Miami-Dade County

Mom and daughter who hid millions in diapers plead guilty to Medicare fraud

In this 2013 file photo, a baggage handler unloads luggage from an incoming flight at Miami International Airport.
In this 2013 file photo, a baggage handler unloads luggage from an incoming flight at Miami International Airport. El Nuevo Herald File

A mother and daughter who hid $2.4 million cash in diapers and baby towels when returning to Miami from the Dominican Republic pleaded guilty to running a $20 million Medicare scam through their Miami-Dade home healthcare agencies.

Mildrey Gonzalez, 62, pleaded guilty in U.S. District Court to one count of conspiracy to commit healthcare fraud and one count of healthcare fraud. Milka Alfaro, 40, pleaded guilty to one count of conspiracy to commit healthcare fraud and one count of wire fraud.

They will be sentenced in May.

Gonzalez already is serving a three-year sentence handed down in February after pleading guilty to bulk cash smuggling in or out of the United States. Though both women’s luggage contained the cash on Jun. 4, the mother of the pair took the sole rap.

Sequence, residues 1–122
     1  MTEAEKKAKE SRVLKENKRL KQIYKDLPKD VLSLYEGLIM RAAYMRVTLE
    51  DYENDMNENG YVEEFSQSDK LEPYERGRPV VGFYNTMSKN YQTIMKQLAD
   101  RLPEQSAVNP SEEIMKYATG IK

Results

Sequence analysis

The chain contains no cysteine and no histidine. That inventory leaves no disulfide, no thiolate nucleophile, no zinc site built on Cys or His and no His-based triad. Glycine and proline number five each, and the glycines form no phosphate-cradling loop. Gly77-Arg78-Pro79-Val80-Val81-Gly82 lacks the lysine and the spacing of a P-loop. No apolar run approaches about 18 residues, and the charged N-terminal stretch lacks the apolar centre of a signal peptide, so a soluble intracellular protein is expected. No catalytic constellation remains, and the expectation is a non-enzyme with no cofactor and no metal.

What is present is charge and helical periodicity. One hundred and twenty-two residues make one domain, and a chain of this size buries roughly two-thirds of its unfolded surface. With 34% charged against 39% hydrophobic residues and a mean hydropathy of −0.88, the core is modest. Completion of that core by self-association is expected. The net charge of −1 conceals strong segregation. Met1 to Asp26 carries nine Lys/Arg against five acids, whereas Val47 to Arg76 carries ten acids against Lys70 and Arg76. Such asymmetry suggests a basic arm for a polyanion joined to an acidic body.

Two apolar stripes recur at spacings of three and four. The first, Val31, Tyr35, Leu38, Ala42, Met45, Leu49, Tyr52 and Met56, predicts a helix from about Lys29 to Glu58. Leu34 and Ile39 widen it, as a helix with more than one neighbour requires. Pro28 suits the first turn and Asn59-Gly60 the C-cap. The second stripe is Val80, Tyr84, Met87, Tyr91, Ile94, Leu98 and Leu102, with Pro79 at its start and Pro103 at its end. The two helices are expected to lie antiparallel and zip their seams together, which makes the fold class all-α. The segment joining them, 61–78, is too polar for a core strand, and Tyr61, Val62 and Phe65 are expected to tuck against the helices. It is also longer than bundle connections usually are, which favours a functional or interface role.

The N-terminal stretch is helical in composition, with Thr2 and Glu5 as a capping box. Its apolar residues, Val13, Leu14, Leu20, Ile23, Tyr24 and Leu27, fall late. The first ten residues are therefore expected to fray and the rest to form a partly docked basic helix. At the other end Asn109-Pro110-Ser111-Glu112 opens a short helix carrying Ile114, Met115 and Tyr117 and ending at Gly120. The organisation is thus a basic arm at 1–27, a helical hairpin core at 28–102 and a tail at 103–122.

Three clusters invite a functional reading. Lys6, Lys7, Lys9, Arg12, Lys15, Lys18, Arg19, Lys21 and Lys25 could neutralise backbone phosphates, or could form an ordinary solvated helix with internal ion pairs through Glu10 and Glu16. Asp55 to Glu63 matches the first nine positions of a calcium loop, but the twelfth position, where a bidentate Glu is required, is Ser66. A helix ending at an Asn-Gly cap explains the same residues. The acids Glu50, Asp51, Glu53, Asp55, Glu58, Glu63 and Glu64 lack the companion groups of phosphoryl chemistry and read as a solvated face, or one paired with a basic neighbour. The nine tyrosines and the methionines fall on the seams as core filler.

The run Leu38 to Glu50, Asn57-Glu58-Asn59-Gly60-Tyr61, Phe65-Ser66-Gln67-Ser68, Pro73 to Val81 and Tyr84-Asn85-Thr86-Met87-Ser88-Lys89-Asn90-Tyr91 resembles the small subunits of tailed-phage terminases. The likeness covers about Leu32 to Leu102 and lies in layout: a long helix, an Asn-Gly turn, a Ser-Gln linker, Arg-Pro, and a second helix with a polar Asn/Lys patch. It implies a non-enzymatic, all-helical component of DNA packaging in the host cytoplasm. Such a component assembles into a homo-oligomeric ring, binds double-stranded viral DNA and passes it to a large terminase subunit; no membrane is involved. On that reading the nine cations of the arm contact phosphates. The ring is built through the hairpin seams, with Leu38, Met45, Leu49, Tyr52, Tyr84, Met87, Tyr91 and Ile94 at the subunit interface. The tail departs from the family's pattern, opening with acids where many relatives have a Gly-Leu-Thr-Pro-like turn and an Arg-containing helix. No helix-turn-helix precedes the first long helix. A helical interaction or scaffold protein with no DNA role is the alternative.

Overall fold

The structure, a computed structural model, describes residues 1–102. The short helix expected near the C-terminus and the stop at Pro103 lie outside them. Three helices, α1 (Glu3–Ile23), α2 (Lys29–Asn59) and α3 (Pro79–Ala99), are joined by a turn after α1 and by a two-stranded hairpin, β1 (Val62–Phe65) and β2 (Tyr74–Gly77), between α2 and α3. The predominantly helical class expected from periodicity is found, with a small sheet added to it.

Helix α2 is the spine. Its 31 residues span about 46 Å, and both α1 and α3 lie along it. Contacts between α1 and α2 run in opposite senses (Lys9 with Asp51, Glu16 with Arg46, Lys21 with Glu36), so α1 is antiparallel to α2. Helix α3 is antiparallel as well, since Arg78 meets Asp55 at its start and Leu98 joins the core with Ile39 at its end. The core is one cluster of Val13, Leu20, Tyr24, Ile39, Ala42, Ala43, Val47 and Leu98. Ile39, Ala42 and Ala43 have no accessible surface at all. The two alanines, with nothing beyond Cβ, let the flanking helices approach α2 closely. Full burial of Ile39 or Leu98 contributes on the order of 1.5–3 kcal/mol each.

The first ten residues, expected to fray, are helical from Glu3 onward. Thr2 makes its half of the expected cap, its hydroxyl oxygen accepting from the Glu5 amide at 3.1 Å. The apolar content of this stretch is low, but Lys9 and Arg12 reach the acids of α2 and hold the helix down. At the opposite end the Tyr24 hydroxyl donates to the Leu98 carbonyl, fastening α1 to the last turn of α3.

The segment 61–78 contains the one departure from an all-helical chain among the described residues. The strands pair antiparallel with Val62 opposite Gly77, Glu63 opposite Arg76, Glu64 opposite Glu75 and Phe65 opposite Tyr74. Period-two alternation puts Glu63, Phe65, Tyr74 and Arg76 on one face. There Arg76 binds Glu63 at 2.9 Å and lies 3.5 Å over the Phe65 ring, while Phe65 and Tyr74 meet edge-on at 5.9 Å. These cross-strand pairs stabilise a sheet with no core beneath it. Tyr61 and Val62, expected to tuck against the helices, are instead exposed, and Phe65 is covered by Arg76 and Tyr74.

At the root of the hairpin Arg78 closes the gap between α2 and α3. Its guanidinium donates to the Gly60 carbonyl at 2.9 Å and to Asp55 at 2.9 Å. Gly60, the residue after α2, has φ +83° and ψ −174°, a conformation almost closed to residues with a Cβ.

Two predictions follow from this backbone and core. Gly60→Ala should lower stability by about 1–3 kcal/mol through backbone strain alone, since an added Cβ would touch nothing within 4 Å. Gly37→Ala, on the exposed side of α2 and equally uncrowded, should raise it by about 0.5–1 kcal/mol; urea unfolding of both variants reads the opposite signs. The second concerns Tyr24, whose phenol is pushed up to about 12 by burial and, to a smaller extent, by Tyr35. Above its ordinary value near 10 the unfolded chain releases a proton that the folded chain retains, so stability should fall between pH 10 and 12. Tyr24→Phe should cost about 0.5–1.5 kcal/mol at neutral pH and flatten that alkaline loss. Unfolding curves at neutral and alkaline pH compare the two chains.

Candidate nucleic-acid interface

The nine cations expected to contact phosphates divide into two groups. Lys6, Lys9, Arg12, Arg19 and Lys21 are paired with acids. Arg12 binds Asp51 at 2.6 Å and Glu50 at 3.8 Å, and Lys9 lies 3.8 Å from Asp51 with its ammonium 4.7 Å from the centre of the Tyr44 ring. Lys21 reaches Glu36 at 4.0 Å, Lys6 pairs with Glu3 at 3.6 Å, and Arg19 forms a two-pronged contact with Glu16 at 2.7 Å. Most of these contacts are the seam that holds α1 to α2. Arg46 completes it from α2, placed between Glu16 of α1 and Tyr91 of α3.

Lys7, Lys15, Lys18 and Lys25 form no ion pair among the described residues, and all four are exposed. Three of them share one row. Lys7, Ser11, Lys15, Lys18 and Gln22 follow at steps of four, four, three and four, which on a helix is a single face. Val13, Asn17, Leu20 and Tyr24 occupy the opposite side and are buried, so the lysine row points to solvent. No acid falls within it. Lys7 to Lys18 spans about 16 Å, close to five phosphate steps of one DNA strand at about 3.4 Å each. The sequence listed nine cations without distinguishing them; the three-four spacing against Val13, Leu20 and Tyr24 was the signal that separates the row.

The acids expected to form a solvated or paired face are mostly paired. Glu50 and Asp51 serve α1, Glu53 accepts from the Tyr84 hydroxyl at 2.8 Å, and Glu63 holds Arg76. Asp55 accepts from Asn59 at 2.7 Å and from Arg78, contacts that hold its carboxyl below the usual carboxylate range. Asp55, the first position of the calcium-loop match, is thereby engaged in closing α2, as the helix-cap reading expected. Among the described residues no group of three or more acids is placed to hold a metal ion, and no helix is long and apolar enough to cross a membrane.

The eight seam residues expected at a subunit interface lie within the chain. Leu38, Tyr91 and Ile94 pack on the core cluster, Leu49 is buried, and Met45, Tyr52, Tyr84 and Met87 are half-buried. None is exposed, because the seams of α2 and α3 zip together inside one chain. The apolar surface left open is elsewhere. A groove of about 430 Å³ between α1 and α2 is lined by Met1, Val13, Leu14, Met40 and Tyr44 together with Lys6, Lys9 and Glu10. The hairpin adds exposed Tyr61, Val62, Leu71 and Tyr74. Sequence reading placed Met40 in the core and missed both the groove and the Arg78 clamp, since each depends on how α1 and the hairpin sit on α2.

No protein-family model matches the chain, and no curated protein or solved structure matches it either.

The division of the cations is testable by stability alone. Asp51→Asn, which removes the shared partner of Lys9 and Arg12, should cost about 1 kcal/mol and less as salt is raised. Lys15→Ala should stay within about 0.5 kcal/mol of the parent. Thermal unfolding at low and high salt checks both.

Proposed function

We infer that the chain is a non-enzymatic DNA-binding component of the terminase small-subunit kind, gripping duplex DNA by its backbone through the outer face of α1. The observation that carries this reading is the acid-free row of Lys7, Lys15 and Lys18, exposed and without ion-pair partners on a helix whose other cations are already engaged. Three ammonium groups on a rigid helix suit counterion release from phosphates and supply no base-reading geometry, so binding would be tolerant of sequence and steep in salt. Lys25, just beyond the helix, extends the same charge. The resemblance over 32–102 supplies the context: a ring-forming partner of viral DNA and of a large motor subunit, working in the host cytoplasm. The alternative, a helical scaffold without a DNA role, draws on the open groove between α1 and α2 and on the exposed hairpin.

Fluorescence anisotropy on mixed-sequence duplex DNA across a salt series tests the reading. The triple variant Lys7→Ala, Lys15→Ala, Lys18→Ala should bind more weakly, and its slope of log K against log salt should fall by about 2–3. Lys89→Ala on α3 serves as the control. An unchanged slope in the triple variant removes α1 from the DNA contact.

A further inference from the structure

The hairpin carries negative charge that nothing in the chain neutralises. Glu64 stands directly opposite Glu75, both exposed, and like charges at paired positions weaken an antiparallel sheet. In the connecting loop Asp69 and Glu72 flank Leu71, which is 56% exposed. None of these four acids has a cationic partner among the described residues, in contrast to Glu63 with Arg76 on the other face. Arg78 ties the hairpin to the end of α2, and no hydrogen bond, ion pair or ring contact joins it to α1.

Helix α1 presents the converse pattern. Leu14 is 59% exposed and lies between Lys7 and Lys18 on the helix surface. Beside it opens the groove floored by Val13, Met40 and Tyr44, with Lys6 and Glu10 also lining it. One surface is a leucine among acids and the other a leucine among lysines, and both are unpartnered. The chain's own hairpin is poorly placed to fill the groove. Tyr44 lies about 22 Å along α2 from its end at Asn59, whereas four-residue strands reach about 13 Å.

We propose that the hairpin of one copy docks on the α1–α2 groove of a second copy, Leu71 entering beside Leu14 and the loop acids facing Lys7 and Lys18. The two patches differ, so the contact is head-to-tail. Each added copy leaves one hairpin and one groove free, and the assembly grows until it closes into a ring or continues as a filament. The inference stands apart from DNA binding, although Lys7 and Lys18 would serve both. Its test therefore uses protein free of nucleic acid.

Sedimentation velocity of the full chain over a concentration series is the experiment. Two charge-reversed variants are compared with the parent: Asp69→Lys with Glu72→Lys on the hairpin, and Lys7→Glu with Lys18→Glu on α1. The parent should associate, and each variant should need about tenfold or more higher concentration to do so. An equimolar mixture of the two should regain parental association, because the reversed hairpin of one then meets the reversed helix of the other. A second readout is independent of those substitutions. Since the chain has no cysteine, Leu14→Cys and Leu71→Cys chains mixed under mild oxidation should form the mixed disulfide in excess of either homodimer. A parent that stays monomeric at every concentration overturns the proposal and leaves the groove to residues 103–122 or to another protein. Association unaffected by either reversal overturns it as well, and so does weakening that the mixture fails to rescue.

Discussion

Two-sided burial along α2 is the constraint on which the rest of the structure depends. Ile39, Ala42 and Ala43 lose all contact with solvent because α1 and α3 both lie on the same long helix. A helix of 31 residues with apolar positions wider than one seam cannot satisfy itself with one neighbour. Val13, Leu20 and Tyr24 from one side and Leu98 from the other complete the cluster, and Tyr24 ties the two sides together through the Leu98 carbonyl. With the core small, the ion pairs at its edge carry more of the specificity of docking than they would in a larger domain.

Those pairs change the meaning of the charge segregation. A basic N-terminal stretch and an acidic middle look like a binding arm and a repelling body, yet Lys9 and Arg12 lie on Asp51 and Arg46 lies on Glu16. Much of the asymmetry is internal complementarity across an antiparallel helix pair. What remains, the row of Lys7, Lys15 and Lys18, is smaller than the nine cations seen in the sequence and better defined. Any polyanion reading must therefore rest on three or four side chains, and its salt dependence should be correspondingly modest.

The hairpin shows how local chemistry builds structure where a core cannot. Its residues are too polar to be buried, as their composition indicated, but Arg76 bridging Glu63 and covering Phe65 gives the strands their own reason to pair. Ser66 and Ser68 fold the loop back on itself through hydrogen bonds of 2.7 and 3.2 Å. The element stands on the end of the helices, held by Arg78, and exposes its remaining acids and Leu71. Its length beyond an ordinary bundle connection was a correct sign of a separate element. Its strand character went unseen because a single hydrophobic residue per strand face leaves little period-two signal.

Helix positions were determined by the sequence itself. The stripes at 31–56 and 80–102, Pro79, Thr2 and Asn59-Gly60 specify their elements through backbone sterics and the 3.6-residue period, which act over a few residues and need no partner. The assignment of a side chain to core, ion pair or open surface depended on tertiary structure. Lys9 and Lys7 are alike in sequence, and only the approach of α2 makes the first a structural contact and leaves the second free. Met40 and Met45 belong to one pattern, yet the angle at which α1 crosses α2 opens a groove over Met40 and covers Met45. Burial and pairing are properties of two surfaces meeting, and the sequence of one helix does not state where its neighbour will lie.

Prosecutors suspect the cash was part of a plan to get liquid financially and leave the country, following the path of many accused Medicare fraudsters.

Instead, the pair were indicted last June.

According to the court file, they owned seven businesses that claimed to provide home healthcare services to Medicare beneficiaries: MA Home Health Agency, Golden Home Health Care, Metro Dade Home Health, Nova Home Health Care, Homestead Home Health Care, Fintech Home Health and Inar Home Care Service. But they paid others to front as owners of all except Inar.

From 2011 until June 2016, the pair built a faux customer base by bribing and paying kickbacks to “patient recruiters” to refer Medicare beneficiaries to them, including some that didn’t qualify for home healthcare. Payoffs to doctors and other medical professionals bought prescriptions for home healthcare and patient referrals. All Medicare money paid to Gonzalez and Alfaro for those patients, about $20 million, count as fraudulent.

Alfaro admitted she told underlings to create corporations into which she and her mother could pour the Medicare money. Both violated the court system by trying to tamper with prosecution witnesses, specifically trying to convince co-conspirator Luis Luzardo to say money they gave him during the scheme was a loan instead of payment.

The asset lists on their financial affidavits to the court left off certain properties owned. Alfaro tried to claim she had $700 to her name.

The U.S. Attorney’s office held a press conference in Miami on July 22, 2016, announcing the filing of charges in connection with a $1 billion Medicare care fraud scheme.

David J. Neal: 305-376-3559, @DavidJNeal

  Comments